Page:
Learn How to Paint a Shaded Base Coat On a Model Horse

  • 01 of 07

    Learn How to Paint a Shaded Base Coat to Customize a Model Horse

    Artist resin model draft horse ready for painting
    Learn how to create shaded, painted layers on a model horse to add realism to your painting projects. Photo © 2011 Jeanne Grunnert

    Painting model horses or changing a basic Breyer horse in any way is called customizing a model horse. You can customize or paint a Breyer model directly out of the box and change its factory color into one you like better, or you can paint white markings on the Breyer horse and customize it just a little bit. Model horse such as Artist Resin horse models are usually custom painted; most Artist Resin model horses are sold unpainted, and it's up to the buyer to prep the model horse and then paint it into the desired color, or hire a painting artist to finish the model for you.

    Kollean Gouyton of Stone Wolf Creations, Alaska, shared her steps for painting a shaded base coat. She is using the Boise Bound Artist Resin draft horse.

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  • 02 of 07

    Prep and Prime Your Model Horse Before Painting

    Prepping an artists resin model horse before adding base coats
    Prepping an artists resin model horse before adding base coats. Copyright 2011 Kollean Gouyton Used With Permission

    The first step before adding any color to your model horse is to prep it. Prepping means sanding off any bumps or lumps, filling in pinholes and other areas, and sometimes carving out the ears, hooves or nostrils. If you're going to paint a Breyer horse, you may wish to sand off the Breyer logo and sand away or fill any seam marks or gouges, depending on the condition of the model. You do not need to strip off the factory paint. Acrylic paints adhere well to the plastic body of Breyer horse models.

    Artist Resin model horses need special prepping. Read and follow the instructions for prepping an Artist Resin model horse first, since the technique is slightly different than prepping a Breyer.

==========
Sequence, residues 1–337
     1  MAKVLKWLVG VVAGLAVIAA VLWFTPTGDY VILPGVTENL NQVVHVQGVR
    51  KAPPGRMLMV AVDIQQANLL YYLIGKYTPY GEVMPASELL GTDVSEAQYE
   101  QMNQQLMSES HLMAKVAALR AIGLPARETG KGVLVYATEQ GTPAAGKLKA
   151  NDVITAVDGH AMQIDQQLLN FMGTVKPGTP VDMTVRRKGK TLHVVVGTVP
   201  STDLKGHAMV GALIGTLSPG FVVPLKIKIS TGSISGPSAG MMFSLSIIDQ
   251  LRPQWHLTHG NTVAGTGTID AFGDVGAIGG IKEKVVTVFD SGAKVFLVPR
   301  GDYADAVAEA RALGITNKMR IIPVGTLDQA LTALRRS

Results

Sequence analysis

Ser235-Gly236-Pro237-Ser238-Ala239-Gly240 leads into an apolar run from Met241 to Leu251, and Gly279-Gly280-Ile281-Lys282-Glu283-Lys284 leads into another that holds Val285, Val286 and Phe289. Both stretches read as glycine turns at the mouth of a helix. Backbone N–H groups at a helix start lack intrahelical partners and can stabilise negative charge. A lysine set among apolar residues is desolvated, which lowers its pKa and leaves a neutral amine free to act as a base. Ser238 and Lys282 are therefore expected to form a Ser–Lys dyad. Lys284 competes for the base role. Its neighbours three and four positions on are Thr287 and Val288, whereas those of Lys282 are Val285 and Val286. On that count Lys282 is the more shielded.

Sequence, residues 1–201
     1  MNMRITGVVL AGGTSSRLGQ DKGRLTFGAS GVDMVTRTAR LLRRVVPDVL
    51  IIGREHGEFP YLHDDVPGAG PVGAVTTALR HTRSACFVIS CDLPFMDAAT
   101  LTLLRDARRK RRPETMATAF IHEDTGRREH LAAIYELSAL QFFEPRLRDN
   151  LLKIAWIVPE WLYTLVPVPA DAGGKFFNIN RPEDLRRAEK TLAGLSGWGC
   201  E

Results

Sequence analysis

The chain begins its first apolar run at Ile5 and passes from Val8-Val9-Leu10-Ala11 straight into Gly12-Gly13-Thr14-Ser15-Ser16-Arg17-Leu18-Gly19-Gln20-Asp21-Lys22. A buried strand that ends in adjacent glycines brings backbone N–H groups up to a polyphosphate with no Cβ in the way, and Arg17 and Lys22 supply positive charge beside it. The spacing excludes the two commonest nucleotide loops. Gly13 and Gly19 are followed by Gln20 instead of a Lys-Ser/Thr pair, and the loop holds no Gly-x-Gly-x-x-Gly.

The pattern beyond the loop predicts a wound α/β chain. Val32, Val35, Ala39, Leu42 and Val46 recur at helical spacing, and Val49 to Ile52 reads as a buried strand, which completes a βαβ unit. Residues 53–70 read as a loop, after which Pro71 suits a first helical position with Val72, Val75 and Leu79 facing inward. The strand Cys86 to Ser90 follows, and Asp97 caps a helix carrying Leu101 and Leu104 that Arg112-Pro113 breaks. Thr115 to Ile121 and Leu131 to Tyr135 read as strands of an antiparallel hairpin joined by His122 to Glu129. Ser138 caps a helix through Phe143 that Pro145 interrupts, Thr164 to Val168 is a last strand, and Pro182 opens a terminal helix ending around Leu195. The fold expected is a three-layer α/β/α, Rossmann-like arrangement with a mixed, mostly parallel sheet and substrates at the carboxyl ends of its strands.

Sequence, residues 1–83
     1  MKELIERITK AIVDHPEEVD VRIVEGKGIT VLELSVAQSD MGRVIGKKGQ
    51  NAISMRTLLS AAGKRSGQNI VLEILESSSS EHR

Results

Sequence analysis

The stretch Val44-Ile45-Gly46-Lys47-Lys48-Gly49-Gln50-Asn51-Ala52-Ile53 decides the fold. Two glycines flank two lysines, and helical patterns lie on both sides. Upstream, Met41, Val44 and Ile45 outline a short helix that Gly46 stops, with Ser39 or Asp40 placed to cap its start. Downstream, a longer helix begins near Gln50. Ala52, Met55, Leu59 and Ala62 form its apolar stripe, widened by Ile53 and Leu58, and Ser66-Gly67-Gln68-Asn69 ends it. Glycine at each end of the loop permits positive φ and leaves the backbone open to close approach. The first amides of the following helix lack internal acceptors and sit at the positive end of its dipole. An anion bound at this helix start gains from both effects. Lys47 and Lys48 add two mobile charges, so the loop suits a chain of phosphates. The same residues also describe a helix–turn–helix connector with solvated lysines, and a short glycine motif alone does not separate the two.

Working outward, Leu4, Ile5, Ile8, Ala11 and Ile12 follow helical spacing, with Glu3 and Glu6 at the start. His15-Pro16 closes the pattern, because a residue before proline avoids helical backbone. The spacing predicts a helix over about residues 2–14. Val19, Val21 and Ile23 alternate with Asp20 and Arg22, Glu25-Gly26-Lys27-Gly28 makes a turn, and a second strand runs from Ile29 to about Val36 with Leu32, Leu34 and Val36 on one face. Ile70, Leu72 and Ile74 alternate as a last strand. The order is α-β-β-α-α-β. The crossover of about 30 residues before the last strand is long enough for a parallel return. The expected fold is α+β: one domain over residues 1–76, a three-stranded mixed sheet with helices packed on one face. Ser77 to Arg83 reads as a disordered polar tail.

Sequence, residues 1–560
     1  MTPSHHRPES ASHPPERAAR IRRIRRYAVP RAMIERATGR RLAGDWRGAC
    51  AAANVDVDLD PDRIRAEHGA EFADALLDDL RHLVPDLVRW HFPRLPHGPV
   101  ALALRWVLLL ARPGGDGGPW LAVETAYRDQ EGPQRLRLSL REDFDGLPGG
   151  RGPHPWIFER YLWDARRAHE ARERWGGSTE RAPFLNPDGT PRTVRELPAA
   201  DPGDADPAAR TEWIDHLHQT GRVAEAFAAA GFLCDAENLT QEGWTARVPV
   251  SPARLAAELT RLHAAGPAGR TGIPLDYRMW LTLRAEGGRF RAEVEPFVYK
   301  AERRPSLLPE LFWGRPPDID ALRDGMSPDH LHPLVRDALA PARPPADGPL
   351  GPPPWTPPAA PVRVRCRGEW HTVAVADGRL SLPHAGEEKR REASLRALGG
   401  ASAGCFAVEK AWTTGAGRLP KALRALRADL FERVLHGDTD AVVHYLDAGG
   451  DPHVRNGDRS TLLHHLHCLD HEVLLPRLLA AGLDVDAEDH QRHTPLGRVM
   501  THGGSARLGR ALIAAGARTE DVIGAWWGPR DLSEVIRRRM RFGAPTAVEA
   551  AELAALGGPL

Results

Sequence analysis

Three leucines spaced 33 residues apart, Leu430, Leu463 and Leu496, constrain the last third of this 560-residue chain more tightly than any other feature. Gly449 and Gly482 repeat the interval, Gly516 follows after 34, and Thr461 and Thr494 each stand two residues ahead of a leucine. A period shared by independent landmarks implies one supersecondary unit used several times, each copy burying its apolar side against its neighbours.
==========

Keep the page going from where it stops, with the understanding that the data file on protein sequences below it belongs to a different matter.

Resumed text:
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  • 03 of 07

    Painting a Chestnut Model Horse by Adding a Red / Brown Base Coat

    Artists resin model horse being prepped with a red brown base coat
    The base coat for a chestnut colored model horse is a color called Autumn Brown. Copyright 2011 by Kollean Gouyton. Used with permission.

    The final model horse will be a deep red chestnut with various markings, so the first step in painting it is to paint a base coat. Black, dark bay and gray horse models usually start with a black base coat. Chestnuts like this one start with a red base coat. Kollean is using acrylic paints to paint this model horse and acrylic brushes of various sizes. Thin the paint and experiment with it before painting your first model horse. It's important to paint it carefully, with paint the proper texture, and the correct brushes, to avoid unsightly lines.

    The base coat on the model shown here is a color called "Autumn Brown." To avoid brush marks, Kollean prefers to thin the paint and paint two coats rather than try to cover the entire model in one coat.

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  • 04 of 07

    Add the Next Base Coat of Paint Using Barn Red to Paint a Chestnut Model Horse

    Artists resin model horse painted with a barn red base coat to achieve a shaded chestnut color.
    A third coat of Barn Red is added to the model horse's body to achieve a shaded chestnut color with rich depth and detail. Copyright 2011 by Kollean Gouyton. Used with permission.